Applying mindfulness into your daily life | Health Column

Being mindful is the act of staying present, being aware of your surroundings and noticing new things without judgment.

  • Wednesday, August 7, 2019 8:30am
  • Life

By Allison Apfelbaum

Special to the Reporter

The term mindfulness is the act of staying present in each moment. This has been shown to be helpful for balancing mood as it decreases anxiety and worrying about the future as well as the prevention of being too stuck in the past. I would also like to discuss ways being mindful can help in our daily lives.

Have you ever thought to yourself that you wished you were more organized or less forgetful? How about looking around your desk at work or your home, is it full of clutter? The same would go for your computer and email as well as your phone — is it also full of junk mail? Being mindful is the act of staying present, being aware of your surroundings and noticing new things without judgment. I encourage you to once a week, clear your surrounding of clutter. Do laundry, straighten up the house, throw out old mail, it will also clear your mind of clutter. When you have clarity of mind you will feel more balanced and peaceful. I truly believe that your surroundings are an extension of yourself, so try to take care of them just as you would care for someone you love.

The next thing is to clear your mind of any negative thoughts, especially regarding yourself or others. If you make a mistake or something is not going well in your life, do you get down on yourself? I really think that being kind inside your mind can help flip your perspective on situations that aren’t seemingly working out in your favor. Imagine right now, a situation that isn’t ideal and imagine that it is already fixed. When you put positive thoughts into the universe, it will come back to you. This is also true with health, if you imagine yourself whole healthy and healed, your body can follow your mind.

The brain heals in “theta wave” state. To get to this, you must do something relaxing. I often tell patients to pick something that relaxes them such as yoga, a hot bath with epsom salts, massage, meditation or acupuncture. If you are constantly stuck in “fight or flight,” your nervous system is on alert and you will feel jittery or anxious. Switching to the more relaxed parasympathetic state “rest and digest” can improve sleep, help digestion and repair the nervous system. If you are new to meditation, try a guided visualization exercise even for 10 minutes at a time. Meditating and being mindful takes practice and over time it will become more natural and easy to do.

The last point I will make about mindfulness is how to train your body to stay more grounded. When you connect with nature or with the ground it can help make you feel more calm, and take you out of your racing thoughts. Right now, feel your feet flat on the floor, sit all the way back in your chair and relax your shoulders. Use your five senses to look around the room and notice something new, what do you see, hear, or feel in the air? Now, pay attention to any thoughts that you are thinking right now and let them be, it’s ok to try not to resolve them. Do you feel more relaxed already? A guided meditation can actually help you close your eyes and visit a relaxing place in your mind that you can actually practice at anytime. I hope these tips help you connect your body and mind and live a more peaceful lifestyle.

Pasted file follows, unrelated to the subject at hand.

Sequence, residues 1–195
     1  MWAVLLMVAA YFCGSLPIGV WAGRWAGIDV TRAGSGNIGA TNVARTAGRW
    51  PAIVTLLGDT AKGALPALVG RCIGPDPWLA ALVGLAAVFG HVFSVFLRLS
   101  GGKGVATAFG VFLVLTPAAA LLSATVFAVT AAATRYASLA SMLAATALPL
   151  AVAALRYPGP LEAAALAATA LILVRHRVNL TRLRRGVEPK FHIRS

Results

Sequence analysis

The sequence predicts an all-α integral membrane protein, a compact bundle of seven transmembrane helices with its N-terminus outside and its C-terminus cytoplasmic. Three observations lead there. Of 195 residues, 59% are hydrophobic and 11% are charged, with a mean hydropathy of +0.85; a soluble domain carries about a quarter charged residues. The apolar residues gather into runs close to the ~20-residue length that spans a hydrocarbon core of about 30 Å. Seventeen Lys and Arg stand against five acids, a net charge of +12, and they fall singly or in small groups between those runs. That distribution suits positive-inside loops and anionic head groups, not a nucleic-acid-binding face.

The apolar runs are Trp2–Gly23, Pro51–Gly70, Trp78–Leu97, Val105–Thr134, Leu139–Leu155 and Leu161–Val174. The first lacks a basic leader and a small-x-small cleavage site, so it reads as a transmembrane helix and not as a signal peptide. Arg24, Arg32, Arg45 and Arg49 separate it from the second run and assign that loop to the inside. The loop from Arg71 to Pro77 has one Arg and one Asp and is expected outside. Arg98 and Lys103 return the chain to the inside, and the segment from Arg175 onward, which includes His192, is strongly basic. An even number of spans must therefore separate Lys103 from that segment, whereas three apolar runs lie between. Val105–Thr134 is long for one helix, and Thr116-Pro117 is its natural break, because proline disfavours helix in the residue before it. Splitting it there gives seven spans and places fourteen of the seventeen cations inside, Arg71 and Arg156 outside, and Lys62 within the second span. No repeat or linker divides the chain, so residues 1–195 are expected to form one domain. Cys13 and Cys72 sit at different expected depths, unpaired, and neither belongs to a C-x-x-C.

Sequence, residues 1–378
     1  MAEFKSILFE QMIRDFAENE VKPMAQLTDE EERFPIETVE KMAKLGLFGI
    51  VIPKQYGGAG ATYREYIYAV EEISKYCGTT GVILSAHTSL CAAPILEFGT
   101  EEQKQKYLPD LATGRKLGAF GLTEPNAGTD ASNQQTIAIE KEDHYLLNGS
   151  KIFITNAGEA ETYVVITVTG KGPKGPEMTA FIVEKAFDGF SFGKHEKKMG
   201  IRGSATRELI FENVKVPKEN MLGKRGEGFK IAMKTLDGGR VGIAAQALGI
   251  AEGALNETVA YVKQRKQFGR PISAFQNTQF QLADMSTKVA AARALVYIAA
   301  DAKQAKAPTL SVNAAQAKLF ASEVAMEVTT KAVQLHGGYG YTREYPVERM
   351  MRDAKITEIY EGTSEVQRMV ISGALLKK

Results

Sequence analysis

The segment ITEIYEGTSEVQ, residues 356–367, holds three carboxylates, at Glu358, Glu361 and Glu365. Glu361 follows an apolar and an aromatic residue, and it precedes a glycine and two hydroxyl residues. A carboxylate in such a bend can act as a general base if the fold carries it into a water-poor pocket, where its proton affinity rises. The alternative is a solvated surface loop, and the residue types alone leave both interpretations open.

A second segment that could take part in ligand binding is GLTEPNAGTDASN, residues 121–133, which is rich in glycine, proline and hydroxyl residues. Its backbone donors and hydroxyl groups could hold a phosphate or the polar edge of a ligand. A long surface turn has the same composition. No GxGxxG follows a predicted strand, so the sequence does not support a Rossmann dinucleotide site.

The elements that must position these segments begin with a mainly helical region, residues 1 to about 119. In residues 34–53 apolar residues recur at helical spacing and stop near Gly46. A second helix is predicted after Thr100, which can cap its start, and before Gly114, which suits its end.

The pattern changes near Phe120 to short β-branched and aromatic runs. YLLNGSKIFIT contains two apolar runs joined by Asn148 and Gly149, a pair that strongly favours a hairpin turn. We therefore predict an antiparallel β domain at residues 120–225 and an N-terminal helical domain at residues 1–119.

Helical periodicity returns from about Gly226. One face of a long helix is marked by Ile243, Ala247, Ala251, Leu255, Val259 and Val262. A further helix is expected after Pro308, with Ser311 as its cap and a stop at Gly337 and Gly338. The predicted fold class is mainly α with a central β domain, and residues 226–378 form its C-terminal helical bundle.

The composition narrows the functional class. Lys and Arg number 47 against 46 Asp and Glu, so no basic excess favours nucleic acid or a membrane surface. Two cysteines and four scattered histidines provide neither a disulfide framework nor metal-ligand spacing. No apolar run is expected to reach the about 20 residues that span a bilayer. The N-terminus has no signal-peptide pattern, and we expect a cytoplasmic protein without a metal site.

Dr. Allison Apfelbaum is a naturopathic primary care doctor in Woodinville. To learn more go to www.treeofhealthmedicine.com or call 425-408-0040.

More in Life

After 70 years of serving, Grace Lutheran Church in Bellevue is permanently closed. The church donated $3.6 million to homeless services on the Eastside. Stephanie Quiroz/staff photo
Local church closes, donates assets to nonprofits

Grace Lutheran Church donates $3.6 million to homeless services on the Eastside.

Mindful goal setting | Health Column

What are the roots of you life goals?

Nityia Photography
Happy Fourth — Do we have freedom? What is freedom anyway?

A column about mindfulness and mental well being.

Celebrating the Fourth on the Eastside

Events around the Eastside.

Celebrating the Fourth on the Eastside

Americans all over the country including the Eastside region will gather on… Continue reading

Customer buys green leaves from Foothills Farms at the opening market day in Bellevue on May 16. Stephanie Quiroz/staff photo
It’s officially market season

Bellevue Farmers Market will run every Thursday through October.

Stephanie Quiroz/staff photo
                                Bellevue resident and blind cyclist Clark Roberts will be riding his tenth 206-mile Seattle to Portland bicycle ride in June.
The gift of sight loss

Bellevue’s Clark Roberts to ride his 10th Seattle-to-Portland bicycle ride

Ramit Malhotra and Tanvee Kale star in “Devi” at Allen Theatre at ACT. Photo courtesy of Siddhartha Saha Photography
Pratidhwani produces ‘Devi’ with Eastside actors

The show will feature actors from Bellevue, Redmond and Kirkland.

Stephanie Quiroz/staff photo 
                                Claire Cannon and daughter Riley, 2, pose for a photo while enjoying the sheep at the annual sheep shearing event at Kelsey Creek Farm on April 27.
Bellevue shears the fun at annual sheep shearing event

The day consisted of various sheep activities and pony rides.

Regional anesthesia improves outcomes for total knee replacement

The technique not only reduces pain, but allows patients to maintain muscle strength in the leg.

Libraries are places of connection and community pride | Library column

Written by Lisa Rosenblum, the director of the King County Library System.